The concept of sustainable development, as pointed out the chairperson Ms. Brundtland in her report (popularly called the Brundtland report) is aimed at meeting the needs of the present without compromising the ability a future generations to meet their own needs. Commenting on sustainable development, the Former President of the World Bank James D. Yolkenson observed, “it is for us to think as to what kind of world we want. Do we want to bequeath a world for our future generation a poorest world wherein innumerable people die of hunger, climate uncertainty, biodiversity at its lowest ebb and social conditions most unstable? This observation of Volkenson clearly shows that the central focus of sustainable development is not confined to the present happiness of the people but it also expends to safeguarding the interests of the coming generations.
Sustainable development involves a multi-faceted approach i.e. (1) economic, (2) human, (3) environmental, and (4) technological. It is a process which seeks to bring improvement in the quality of human life alongwith conservation of the ecological system. Thus, development and environment, both are inter-dependent and therefore, there cannot be development without protection of environment, nor can there be conservation of environment without development.
The former U.N. General-Secretary Kofi-Annan had identified five areas for the applicability of the principle of sustainable development. They are (1) water, (2) health, (3) power and energy, (4) Agriculture and (5) Bio-diversity.
Former Prime Minister of India Smt. Indira Gandhi had categorically stated in her address at the Stockholm Conference, 1972 that water, air, land, soil, plants, trees and living organisms must be preserved because they are valuable natural resources for the benefit of the future generations.
Salient Principles of Sustainable Development
The principle of sustainable development which received international recognition as a result of Brundtland Commission Report (1987) was overwhelmingly supported by all the nations. Some of the salient principles which underlie the concept of sustainable development were spelled out in the Rio Declaration, 1992 and Agenda 21. Therefore, these principles have got to be necessarily followed in order to achieve the objective of sustainable development. These principles are as follows:
(1) Inter-generational equity;
(2) Use and conservation of natural resources;
(3) Environmental protection;
(4) The precautionary principle;
(5) The ‘Polluter Pays’ principle;
(6) Principle of liability to help and co-operate;
(7) Poverty eradication; and
(8) Principle of ‘public trust’.
(1) Inter-Generational Equity.- The principle of inter-generational equity pre-supposes the right of each generation of human beings to benefit from cultural and natural resources of the past generation as well as the ‘obligation’ to preserve such heritage for future generations. The principle emphasises on conservation of biodiversity resources and of the renewable sources like forests, water, soil etc.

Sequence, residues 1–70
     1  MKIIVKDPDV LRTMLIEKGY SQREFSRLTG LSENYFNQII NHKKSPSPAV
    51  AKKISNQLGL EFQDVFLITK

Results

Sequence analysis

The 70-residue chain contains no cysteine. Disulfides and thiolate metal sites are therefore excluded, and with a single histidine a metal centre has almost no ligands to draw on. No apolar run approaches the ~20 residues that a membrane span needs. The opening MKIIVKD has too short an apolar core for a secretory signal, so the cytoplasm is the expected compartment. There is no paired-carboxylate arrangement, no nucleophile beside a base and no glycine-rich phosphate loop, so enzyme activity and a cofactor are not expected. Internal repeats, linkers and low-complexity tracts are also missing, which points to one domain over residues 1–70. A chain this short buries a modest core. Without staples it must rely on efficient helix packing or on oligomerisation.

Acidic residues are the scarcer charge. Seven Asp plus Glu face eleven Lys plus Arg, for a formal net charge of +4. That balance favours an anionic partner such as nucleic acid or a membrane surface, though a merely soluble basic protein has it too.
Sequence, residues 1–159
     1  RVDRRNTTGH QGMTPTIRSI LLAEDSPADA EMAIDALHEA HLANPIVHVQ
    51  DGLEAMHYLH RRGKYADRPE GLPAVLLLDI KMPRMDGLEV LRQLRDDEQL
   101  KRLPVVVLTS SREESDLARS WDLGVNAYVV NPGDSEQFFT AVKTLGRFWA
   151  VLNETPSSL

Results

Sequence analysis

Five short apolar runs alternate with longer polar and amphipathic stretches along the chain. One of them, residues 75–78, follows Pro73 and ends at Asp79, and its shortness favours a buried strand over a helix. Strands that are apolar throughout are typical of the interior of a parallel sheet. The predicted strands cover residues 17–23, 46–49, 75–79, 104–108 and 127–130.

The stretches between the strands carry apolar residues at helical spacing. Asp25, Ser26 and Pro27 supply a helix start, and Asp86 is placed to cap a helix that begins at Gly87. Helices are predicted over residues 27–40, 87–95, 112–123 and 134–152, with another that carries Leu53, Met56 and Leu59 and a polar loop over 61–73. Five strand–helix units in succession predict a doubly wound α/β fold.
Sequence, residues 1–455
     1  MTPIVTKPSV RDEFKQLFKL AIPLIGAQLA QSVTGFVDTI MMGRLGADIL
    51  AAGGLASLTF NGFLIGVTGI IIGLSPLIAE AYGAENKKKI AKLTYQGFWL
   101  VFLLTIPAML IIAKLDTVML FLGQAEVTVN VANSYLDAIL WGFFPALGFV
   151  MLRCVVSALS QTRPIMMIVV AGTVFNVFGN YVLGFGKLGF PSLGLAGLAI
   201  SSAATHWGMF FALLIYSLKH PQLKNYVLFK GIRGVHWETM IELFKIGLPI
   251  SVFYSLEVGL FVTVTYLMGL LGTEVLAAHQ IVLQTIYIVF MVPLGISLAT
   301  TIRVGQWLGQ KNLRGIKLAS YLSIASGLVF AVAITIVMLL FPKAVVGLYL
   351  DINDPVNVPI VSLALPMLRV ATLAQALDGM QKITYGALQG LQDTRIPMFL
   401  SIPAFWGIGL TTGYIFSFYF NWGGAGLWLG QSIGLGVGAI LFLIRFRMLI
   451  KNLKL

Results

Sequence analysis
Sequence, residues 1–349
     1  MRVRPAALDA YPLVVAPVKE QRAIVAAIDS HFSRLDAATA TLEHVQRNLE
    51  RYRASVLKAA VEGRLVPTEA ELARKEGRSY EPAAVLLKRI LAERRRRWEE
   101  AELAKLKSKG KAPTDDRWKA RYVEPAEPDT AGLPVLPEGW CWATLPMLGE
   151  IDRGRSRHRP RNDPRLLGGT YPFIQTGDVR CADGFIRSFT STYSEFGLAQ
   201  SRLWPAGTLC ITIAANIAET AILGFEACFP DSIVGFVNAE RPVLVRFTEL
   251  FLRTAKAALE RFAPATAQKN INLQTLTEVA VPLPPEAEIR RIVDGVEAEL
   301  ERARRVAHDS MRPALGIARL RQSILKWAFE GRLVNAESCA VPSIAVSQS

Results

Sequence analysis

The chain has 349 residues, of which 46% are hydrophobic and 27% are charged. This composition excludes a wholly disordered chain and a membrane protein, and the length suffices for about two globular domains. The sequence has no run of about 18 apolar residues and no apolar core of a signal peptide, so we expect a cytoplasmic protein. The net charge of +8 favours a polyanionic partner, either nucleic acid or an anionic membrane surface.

The principle of inter-generational equity has its genesis in Principles 1 and 2 of the Stockholm Declaration, 1972 wherein environment has been taken to be resource basis for the survival of the present generation and right to be beneficially used by the future generations. Both these principles are reproduced as follows:
Principle 1.- Man has the fundamental right to freedom, equality and adequate conditions of life, in an environment of quality that permits a life of dignity and well-being, and he bears a solemn responsibility to protect and improve the environment for the present and future generations.
Principle 2.- The natural resources of the earth, including the air, water, lands, flora and fauna, and especially representative samples of natural ecosystems, must be safeguarded for the benefit of the present and future generations through careful planning and management, as appropriate.
In A.P. Pollution Control Board v. M.V. Nayudu, the Apex Court observed that where the State Government makes an attempt to balance the need of the environment and need of the economic development, it would not be proper to prohibit it from doing so. In such a case, it would be safer to apply the ‘protective principle’ and the ‘principle of polluter pays’, keeping in mind the principle of sustainable development and the ‘principle of inter-generational equity!
2. Use And Conservation of Natural Resources - This principle requires that earth's natural resources should be carefully used in such a way that they may be conserved and enhanced for the future generation. It must be borne in mind that natural resources are already depleting due to poverty, over- population, urbanisation, industrialisation etc. and there is likely to be acute shortage of these resources in future. Therefore, there is dire need to develop techniques and technologies which may need minimal utilization of natural resources.